Us Seniors

Elder et Soeur Arn & Jody

Friday, November 7


Our work at the Protestant Archives necessitated a 1.5 hour commute each way. We were staying in Torcy, which is the outlaying area around Paris - just a short distance from Disneyland France. We would drive the car to the mall, park there, walk about 5 blocks to the gare (train station), take the train into Paris, transfer to the Metro, travel to our destination in downtown Paris, and then walk another 4 blocks to the Archives. The Archives were only open from 10:00 a.m. to 5:00 p.m., so out days were pretty filled with the trip to and from and work at the Archives. There was not much time left to do anything but some indexing when we got back to the Crucys.
Paris itself is a very pretty city. It seems much cleaner and more picturesque than Bordeaux. Where the Archives are located it is a very ritzy shopping area. The clothes stores all have things in the window starting at about 1,000 Euros for a dress. The people around there are mostly very well dressed and it is fun to watch the fashion show.
We started out working on the main floor of the Protestant Archives. We sat at the tables in the center, hooked up our computer and began to inspect the books and documents that were stored on this floor. Our job was to go through all of their collection that contained any genealogical information and discern whether they would be beneficial to microfilm, whether they were within acceptable dates (we could not film anything less than 100 years old), and whether the archives had the rights to the documents and books so that they could give us permission. We then made an excel program with a listing of the documents, where they could be found, their condition, and their size so that the camera operator would be able to easily find what he needed to film.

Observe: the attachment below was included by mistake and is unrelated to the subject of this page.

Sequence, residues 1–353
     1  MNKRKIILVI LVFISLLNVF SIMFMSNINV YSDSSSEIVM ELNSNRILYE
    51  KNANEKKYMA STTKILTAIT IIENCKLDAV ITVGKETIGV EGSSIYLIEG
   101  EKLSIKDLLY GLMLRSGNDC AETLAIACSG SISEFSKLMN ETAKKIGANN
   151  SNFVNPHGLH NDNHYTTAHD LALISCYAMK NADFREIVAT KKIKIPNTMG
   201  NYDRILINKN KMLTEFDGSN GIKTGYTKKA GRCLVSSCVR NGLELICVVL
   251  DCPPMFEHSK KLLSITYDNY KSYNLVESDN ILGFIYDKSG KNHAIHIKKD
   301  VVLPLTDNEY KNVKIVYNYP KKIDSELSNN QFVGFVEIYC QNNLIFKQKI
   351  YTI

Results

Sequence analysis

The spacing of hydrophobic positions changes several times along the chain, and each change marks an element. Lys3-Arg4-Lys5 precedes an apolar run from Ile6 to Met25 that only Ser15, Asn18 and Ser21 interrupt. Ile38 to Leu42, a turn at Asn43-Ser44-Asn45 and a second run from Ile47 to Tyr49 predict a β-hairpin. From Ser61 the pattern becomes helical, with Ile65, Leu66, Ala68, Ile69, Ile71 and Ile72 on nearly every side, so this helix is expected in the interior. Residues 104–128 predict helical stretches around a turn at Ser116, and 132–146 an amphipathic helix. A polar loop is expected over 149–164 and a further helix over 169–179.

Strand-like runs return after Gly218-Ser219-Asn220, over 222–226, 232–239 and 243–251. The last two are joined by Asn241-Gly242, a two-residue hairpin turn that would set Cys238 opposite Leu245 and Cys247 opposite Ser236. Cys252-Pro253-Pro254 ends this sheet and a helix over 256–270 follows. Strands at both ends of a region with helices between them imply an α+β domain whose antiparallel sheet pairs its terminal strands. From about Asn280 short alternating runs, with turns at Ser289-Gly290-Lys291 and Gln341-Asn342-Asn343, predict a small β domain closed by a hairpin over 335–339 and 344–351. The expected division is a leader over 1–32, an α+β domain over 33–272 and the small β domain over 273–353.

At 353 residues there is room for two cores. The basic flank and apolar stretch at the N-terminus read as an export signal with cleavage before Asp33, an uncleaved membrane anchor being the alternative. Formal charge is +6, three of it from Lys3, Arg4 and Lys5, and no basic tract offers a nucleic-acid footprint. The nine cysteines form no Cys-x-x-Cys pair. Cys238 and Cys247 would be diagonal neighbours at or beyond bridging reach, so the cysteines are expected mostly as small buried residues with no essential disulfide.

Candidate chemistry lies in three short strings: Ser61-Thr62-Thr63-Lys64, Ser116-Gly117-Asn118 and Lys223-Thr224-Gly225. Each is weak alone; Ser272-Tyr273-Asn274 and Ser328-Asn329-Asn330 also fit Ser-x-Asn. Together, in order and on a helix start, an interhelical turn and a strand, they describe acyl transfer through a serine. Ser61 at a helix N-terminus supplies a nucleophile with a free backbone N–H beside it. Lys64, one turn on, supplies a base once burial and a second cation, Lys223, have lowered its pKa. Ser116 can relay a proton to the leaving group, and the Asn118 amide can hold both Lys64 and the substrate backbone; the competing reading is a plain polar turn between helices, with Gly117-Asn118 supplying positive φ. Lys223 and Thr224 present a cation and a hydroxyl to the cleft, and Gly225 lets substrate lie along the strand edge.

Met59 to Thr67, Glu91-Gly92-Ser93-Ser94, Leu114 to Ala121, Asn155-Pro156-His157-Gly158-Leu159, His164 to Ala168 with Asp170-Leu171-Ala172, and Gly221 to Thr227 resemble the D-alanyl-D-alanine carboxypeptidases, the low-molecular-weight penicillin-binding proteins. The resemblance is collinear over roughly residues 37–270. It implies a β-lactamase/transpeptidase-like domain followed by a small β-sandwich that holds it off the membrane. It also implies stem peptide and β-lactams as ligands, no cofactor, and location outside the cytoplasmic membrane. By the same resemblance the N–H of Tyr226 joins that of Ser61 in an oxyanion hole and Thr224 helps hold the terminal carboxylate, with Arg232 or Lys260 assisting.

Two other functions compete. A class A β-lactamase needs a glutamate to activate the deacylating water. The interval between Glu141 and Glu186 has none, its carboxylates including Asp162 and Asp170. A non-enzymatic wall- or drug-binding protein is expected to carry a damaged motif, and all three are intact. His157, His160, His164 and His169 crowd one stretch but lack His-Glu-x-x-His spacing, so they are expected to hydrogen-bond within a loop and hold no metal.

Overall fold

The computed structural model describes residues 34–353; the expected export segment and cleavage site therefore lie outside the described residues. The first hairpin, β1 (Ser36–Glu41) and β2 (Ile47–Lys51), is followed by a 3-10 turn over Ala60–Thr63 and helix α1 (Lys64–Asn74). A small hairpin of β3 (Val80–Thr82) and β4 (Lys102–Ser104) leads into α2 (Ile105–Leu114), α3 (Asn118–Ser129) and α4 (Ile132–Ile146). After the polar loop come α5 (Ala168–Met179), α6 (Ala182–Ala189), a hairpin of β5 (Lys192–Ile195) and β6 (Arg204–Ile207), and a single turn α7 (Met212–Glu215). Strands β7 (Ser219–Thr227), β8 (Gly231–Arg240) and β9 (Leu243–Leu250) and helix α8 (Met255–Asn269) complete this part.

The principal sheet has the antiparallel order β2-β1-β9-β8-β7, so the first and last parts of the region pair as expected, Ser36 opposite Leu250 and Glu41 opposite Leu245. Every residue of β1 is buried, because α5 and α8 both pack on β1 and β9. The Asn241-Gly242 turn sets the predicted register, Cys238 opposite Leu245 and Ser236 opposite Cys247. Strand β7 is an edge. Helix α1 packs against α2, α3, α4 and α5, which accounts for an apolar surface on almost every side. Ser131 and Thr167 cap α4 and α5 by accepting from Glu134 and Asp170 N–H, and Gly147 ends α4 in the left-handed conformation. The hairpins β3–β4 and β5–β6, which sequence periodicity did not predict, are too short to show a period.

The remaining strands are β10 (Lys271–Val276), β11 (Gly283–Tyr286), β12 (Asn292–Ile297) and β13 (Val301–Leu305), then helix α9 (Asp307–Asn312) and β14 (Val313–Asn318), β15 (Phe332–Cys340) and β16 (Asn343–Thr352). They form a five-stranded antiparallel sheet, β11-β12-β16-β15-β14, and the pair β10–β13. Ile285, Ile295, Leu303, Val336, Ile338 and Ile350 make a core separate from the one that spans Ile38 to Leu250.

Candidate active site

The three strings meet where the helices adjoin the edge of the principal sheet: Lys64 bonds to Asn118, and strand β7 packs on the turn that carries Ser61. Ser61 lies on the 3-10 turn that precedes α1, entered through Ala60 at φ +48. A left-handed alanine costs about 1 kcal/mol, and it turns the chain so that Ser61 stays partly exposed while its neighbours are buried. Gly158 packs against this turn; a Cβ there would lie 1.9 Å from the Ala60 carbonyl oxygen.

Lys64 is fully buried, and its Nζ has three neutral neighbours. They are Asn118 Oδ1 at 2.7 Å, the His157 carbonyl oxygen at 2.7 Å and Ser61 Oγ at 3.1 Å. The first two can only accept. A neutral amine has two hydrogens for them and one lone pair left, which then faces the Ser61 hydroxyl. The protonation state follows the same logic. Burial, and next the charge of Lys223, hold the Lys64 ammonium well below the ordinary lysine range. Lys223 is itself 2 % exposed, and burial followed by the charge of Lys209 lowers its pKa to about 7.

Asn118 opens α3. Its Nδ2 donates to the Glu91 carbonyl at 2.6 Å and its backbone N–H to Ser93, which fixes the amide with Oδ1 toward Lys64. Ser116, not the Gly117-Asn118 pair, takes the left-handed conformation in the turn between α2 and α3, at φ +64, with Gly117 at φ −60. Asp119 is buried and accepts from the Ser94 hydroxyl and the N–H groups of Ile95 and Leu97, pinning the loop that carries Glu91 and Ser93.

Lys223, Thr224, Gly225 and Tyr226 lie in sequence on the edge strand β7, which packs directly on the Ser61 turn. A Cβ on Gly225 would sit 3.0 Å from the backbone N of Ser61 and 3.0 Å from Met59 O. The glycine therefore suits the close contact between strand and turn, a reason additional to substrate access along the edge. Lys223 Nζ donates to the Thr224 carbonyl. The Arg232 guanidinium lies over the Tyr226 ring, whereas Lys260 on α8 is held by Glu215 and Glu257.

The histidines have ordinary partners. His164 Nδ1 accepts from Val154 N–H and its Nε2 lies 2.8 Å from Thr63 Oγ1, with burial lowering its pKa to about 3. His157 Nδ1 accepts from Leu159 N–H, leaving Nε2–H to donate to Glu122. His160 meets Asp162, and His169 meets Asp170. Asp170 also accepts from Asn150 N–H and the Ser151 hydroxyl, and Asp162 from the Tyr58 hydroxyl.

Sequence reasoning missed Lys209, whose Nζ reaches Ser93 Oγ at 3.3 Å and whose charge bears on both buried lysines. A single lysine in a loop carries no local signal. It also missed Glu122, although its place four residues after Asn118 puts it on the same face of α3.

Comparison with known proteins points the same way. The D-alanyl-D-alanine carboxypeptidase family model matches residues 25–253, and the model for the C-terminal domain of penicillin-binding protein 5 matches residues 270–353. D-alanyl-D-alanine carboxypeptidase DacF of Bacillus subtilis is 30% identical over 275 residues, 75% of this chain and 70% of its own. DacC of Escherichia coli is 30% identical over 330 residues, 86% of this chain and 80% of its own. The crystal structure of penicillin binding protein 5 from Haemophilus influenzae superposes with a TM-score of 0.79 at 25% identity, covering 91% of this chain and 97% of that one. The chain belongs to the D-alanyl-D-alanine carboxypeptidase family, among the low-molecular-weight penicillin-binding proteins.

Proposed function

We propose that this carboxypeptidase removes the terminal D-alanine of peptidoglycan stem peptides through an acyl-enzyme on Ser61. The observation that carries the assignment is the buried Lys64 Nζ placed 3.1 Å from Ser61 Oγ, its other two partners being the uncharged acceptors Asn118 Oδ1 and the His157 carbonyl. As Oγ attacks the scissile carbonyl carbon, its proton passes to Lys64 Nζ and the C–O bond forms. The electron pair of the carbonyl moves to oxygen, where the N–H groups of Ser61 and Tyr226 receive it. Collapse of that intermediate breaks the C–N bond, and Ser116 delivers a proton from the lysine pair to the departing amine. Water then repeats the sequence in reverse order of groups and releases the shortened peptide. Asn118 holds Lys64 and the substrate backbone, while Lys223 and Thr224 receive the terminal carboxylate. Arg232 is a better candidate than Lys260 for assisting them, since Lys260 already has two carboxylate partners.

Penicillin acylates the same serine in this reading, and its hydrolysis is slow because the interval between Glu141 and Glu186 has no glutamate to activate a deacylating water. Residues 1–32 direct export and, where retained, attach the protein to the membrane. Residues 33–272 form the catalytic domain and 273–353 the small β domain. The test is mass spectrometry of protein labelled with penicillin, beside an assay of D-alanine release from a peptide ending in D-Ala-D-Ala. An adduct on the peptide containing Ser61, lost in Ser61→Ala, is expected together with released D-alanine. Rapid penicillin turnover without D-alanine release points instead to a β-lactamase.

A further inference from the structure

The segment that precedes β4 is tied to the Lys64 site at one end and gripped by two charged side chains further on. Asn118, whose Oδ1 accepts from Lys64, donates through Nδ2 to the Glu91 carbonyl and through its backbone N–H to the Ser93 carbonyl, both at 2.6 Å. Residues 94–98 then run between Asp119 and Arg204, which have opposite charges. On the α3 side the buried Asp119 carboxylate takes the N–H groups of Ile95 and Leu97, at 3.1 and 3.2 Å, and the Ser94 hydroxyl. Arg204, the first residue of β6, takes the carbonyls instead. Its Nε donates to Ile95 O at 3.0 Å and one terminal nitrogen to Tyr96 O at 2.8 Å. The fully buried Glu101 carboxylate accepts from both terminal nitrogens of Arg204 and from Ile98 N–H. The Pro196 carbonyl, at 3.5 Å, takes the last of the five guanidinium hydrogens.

Many of the books were locked up behind these rolling doors. We had to unlock one set of doors and then push the others over to access all of the documents. There were all sizes and shapes of books that we looked at. One was actually written on real sheep skin. Some books were tiny and some were too big for one person to lift.
The work on the main floor was very pleasant. There was enough light and it was not too cold. The only problem was that we were "shushed" several times for being too rowdy.
The main archivist met us the first day and then she began her maternity leave. She was in her late 30s or early 40s. Her replacement was this young girl named Sophie. She was very nice to us most of the time until she saw us looking at documents that she thought we were not supposed to be going through. Our supervisor told us to check these and make an inventory so that they could decide if it was worth trying to get a further contract to film them. Sophie, in her zeal to do a good job in her superior's absence, was not happy with us and made us leave for the day. We got it straigthened out and were again welcomed back.
The French do not have central heating anywhere. They just heat each room if they are in that room. It seems like it is cold everywhere all the time. The Archives are not too bad on the main floor. However, for a great deal of the time we had to work upstairs in a room with a door that is about 6 inches thick. It is usually kept locked so the cold stays in there. JoAnn has had to type with gloves on some days. We both wore our "woobies" nearly all the time.
Most of the documents were fairly accessible except in that upper room where we had to climb a ladder to get those on the very top shelves.
We also had to work in the basement. It is very dirty, cold and scary down there. The first day, after working there a few hours, we needed something upstairs, but couldn't find the way out through the maze. There were a few panicky minutes before we found the exit. We could get lost down there and no one would ever find us or hear us if we cried for help. Luckily, we only had to work down there for one day. This teeny, tiny, very rickety elevator took us to the top floor and to the basement when needed. They always had it stacked with books and carts so only one of us at a time could use it.These vaults were also in the basement. They are rolling shelves. You turn the handle and then the shelves move until there is an opening large enough to enter and inspect the books.


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